Crisis often leads to chaos, but hope is possible

By Suzii Paynter March

There is no avoiding a crisis; chaos can come in all sizes. Everyday good people are faced with unimaginable bad luck, disasters, break downs, unexplainable confusion, desperation and violence. But none of these should be the last word on anyone’s life.

The worst thing that happens to you should not define you. But all too often, a crisis and the chaos it brings, changes everything and every relationship in sight. What if every crisis ended up on your doorstep?

McLennan County Behavioral Health Leadership Team

Waco needs a crisis hub. A crisis hub is a place that is a combined resource center that can help streamline decisions, bolster support, provide a smooth hand off, and share the load to help people in crisis avoid the chaos that can destroy themselves and their families.

Right now, mental health professionals, medical personnel, City of Waco, and McLennan County leaders are working toward building the right team to respond to overwhelming crises and build a place for Waco to have a crisis hub. Responding to the kinds of personal crises that can bring harm to self and others and finding the way out of chaos takes a team.

Through the leadership of the Prosper Waco working group, the Behavioral Health Leadership Team, the Board of MHMR, and the advice of other communities who have also tackled this problem, Waco is retooling to minimize the chaos that wreaks havoc on friends, family, and neighbors. Bringing existing resources together matters, and it multiplies the effectiveness of intervention.

The number of people in crisis and the intensity of the crises grow month by month. One frustrated man in crisis described Waco as a pinball machine – “I know I need help, but all I can do is bounce around town or be drunk or violent. Can’t somebody catch me on the bounce. I know I need help?”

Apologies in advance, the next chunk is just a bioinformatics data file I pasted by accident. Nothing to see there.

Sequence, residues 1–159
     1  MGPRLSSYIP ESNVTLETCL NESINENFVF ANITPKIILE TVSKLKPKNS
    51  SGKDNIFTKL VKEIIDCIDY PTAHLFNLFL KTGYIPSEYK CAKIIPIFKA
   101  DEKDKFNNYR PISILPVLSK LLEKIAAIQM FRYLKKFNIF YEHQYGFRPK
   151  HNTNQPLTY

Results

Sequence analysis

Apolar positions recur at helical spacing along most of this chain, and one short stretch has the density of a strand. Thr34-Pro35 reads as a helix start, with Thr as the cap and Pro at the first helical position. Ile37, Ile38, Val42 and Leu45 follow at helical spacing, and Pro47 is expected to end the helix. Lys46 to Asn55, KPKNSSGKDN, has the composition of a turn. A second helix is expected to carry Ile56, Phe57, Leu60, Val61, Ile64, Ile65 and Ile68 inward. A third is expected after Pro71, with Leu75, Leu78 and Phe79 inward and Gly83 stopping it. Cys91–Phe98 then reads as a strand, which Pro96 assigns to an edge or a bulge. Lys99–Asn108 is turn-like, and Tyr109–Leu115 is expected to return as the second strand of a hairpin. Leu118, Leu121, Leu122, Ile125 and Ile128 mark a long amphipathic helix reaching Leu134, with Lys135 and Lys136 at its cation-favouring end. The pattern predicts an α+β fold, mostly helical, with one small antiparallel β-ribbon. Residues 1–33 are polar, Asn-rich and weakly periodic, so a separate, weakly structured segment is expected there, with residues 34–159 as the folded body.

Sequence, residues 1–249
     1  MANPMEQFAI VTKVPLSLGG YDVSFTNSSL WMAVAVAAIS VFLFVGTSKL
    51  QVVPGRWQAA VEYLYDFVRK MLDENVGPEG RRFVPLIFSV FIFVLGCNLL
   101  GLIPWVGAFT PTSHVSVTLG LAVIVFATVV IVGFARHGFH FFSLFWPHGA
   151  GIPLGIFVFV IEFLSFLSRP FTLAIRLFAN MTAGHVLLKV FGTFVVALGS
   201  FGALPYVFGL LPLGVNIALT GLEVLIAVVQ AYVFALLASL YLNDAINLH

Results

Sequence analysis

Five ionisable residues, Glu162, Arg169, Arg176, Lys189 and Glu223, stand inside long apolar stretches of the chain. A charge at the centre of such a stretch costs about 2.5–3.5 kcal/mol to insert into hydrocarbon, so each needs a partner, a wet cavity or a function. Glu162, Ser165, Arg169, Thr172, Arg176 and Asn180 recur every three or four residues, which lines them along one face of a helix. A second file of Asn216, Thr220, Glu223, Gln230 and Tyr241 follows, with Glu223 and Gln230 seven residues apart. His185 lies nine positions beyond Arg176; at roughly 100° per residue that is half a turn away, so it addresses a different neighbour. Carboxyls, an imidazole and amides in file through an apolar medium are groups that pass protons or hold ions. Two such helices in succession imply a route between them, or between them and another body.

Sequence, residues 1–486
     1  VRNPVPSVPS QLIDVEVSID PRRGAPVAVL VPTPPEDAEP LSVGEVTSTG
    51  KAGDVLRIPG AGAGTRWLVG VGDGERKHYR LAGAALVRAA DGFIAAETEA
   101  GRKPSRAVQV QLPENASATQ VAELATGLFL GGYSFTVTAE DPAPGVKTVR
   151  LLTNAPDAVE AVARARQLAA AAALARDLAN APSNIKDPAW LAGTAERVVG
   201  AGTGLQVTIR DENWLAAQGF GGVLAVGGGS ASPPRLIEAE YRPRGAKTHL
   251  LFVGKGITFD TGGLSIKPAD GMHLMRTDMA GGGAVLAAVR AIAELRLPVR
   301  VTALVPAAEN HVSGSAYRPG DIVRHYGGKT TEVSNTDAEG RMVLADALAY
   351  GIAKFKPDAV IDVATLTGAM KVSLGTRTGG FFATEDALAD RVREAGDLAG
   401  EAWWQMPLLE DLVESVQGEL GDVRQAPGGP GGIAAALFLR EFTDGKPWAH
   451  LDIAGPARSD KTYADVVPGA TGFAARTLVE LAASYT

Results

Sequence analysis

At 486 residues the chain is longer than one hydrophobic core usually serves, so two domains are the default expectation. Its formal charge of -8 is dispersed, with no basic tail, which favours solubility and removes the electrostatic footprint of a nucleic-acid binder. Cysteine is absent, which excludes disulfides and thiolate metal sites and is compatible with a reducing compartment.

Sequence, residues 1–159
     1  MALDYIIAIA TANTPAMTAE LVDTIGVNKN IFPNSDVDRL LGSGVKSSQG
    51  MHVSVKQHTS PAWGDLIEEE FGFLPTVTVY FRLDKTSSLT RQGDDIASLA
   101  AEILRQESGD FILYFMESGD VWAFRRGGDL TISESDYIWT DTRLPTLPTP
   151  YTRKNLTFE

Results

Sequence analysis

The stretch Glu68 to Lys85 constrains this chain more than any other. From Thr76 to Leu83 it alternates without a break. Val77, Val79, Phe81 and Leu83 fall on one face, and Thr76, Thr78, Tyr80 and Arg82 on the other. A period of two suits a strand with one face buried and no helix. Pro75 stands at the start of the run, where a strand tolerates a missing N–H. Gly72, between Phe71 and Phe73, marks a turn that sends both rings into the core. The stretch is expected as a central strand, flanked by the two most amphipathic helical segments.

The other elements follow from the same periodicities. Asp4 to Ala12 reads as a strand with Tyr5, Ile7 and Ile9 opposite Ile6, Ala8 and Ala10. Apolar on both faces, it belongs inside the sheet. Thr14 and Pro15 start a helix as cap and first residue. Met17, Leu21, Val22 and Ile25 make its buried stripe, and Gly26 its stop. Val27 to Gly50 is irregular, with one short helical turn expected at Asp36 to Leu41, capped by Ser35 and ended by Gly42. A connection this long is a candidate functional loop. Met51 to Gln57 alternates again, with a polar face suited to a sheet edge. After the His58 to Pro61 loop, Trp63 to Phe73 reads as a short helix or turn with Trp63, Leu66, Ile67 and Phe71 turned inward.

Teams in a crisis hub can function together to avoid duplication of efforts; they can minimize missed opportunities and promote persistence; they can support each other in the very hard work of helping people climb out of chaos and find hope. A crisis hub team can find steps toward solutions JUST because they are together and can bring many talents to bear all at once. Concentrating services helps the person in crisis and it helps sustain the strength of the professionals working together, too.

When is the sum greater than its parts? When a small group of caring, talented people step in together to tackle chaos and come out the other side with hope. I would not know what to do if the crisis were on my doorstep, but I can be part of the solution by supporting the team that is building the Waco Crisis Hub.

Suzii Paynter March is chief executive officer of Prosper Waco.

The Act Locally Waco blog publishes posts with a connection to these aspirations for Waco. If you are interested in writing for the Act Locally Waco Blog, please email Ferrell Foster at [email protected].